A little humor from Humore.us
The worst job I ever had? I once worked for the airline industry helping customers retrieve lost luggage – I can’t say which airline based on the terms of my severance package with said airline but I will give you a hint – it starts with a P and ends with “anAm”. It was easily the worst job I’ve ever had and I really shouldn’t be surprised – my former employer had lost the baggage of every person I talked to – so none of them were in a great mood and I was equipped with a ½ day of training in a series of canned lines and provided a bounty of weak compensation meant to somehow make up for the fact that their luggage will spend the next two weeks in Boston while they’re in Jamaica.
Anywho, you know how call centers will tell you “you call may be monitored for quality and training purposes?” Bummer. Well, apparently they really do monitor those calls and apparently my quality was low before being encouraged to find another employer.
Here’s how my final, and obviously monitored, call went – my lawyers obtained the script during the lawsuit proceedings….
The names of the airline and the caller have been BLEEPED to protect the innocent – for this same reason my real name has been used in this epic story of a man, his phone and the abrupt career change he didn’t see coming.
This is the story of the disgruntled lost baggage claim agent…..
A: Baggage Claim Center, this is Anthony, how will your burden affect me?
Caller: My name is BLEEP BLEEP and I was on BLEEP flight number 642 with a final destination of Indianapolis.
A: And let me guess Mr. BLEEP, BLEEP airlines lost your bags when you left Denver.
C: Yes, how did you know I started out in Denver.
A: I’m clairvoyant
A: No, I used your last name, BLEEP, and BLEEP’s Airlines flight number to see where your flight originated.
A: How many bags did we lose?
C: (Pissed) three bags and this is the second straight time
A: And this time sir, how how many bags were misdelivered?
A: Out of how many?
A: Well at least we’re consistent.
C: [silently fumes]
A: Well, I’ve got good news and bad news. The good news is I have found your baggage
C: The bad news?
A: Your bags are in the village town of INDAPURA
C: Where in the hell is that?
C: India? You’re kidding right?
A: Sadly I’m not – apparently the airport code for Indianapolis and INDIAPURA is IND and so our handlers are often confused with India by our baggage handlers.
C: And why in hell would someone use the same code for two cities!?!?
A: That’s one of the many great mysteries of baggage handling.
C: This is unacceptable – when can I expect these bags returned to me?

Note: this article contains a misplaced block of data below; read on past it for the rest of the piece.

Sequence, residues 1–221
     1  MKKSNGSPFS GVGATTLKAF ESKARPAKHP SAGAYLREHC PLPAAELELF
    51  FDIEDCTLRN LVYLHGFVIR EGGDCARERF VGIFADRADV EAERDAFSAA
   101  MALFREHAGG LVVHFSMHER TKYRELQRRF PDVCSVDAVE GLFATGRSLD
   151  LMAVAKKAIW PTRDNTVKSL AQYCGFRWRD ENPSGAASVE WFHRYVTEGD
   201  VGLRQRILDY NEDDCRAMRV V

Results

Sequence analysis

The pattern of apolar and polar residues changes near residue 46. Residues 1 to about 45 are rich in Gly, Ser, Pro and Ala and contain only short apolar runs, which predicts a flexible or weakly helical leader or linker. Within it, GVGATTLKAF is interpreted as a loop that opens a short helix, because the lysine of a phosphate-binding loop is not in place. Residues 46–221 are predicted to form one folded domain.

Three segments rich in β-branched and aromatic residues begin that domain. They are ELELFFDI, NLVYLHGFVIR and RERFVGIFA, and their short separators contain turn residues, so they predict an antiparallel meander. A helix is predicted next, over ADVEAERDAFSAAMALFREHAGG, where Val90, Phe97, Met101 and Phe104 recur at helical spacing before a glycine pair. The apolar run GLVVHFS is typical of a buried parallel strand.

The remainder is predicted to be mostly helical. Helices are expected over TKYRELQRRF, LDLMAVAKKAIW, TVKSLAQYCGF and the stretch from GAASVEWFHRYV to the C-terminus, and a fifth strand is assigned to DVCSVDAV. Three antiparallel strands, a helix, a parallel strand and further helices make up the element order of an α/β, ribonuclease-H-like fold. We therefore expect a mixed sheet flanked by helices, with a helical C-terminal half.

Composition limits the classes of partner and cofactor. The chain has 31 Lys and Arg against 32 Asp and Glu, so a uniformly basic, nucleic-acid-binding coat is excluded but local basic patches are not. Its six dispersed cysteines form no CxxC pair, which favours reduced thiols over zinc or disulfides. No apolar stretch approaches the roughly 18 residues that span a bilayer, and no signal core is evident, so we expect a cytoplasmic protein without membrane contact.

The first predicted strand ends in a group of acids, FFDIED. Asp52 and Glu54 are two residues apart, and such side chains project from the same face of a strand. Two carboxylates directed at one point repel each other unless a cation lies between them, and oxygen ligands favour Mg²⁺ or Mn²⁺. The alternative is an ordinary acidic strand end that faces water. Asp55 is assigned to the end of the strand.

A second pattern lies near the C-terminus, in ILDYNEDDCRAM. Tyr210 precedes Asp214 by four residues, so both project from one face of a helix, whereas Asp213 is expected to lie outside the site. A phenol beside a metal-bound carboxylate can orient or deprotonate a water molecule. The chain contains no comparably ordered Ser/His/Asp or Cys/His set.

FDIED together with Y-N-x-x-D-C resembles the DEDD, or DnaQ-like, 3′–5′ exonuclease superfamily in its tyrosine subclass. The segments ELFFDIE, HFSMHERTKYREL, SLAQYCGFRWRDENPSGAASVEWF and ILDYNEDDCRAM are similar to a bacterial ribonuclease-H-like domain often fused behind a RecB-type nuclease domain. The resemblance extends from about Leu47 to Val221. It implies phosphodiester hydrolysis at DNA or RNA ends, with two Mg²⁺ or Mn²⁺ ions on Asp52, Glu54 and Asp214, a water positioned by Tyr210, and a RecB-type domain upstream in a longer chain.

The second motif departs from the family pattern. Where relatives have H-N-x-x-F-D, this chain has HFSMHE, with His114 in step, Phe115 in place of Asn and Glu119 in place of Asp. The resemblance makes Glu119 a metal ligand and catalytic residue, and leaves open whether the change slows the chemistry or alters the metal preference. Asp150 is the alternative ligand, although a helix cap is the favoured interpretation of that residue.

A: About two weeks – I will submit a ticket to our claims staff who will then attempt to retrieve your bags from the village. My screen says the town is inaccessible by car and so our agent for this region Mufabasa will have to travel to the village to by camel and then possibly return to Delhi by river boat if the rains wash out the trails, which they usually do.
C: Are you serious? Two weeks.
A: No, I was just kidding your baggage came into Indianapolis on the next flight after yours and we rerouted it to your destination. You should have your bag in 15 minutes at claim #4.
C: That’s not funny.
A: Sorry, humoring the customers wasn’t in my training. In case your bag does not arrive would you like your baggage claim ticket number?
READERS NOTE: The human mind has an easier time remember short clusters of numbers – typically three and four numbers works best. Think about the social security number’s you’ve found in documents in unclaimed luggage or the false phone numbers you’ve given disgruntled customers or heinous women or men (or both) at bars.
A: Your claim number is 1- (long pause)
C: Just 1?
A: No, I was just pausing until I knew you had time to write down the first number?
C: And you think it took me 5 seconds to do that?
A: That technique is part of our training – we call it metered delivery. Are you ready for the rest of your number?
C: Uh, that was too fast.
A: Sigh. Would you like the six letter claim code instead?
C: Yes, that would probably be easier.
A: Ok your code is:
C as in Czar
G as in Gyro
K as in Knead
J as in Javier
G as in Gnome
W as in whole
T as tsetse fly
C: Wait what? Gnome? And Knead? Doesn’t knead start with an “N”?
A: I meant KNEAD like what you do with bread – that one always tricks people.
C: So why do you keep using it?
A: It makes me feel alive! Let me use different words, are you ready?
Ok your code is:
C as in Cnidarian – and before you ask, it’s a type of worm.
G as in Gnat
K as in Knife or is an Knit
J as in Jai Alai or Jicama or even Jalapeno
G as in Gnarly
W as in Whore or Wrist
T as in Tsunami
C: And that’s enough. Can I speak to your supervisor?
A: I’m guessing you’d like my name and badge number like the others? Yes?
A: My first name is Anthony
A: And your last name Anthony?
A: It’s a little tricky – my last name is spelled
P as in Pneumatic or Psychotic
O as in Ouija
P as in Pterodactyl
O as in Ouzel – it’s a type of bird
N as in Need
I as in Illicit????
C: You should find a better example for the letter “I”. Like idiot. CLICK.
A: Idiot? HA. That one doesn’t work. You can hear the “I” in that one.
That was my last call and my last day at the worst I’ve ever known. Known is spelled K as in Knead, N as in….
Need some more laughs? Visit my blog for more original musings from a mind with a deficit of attention….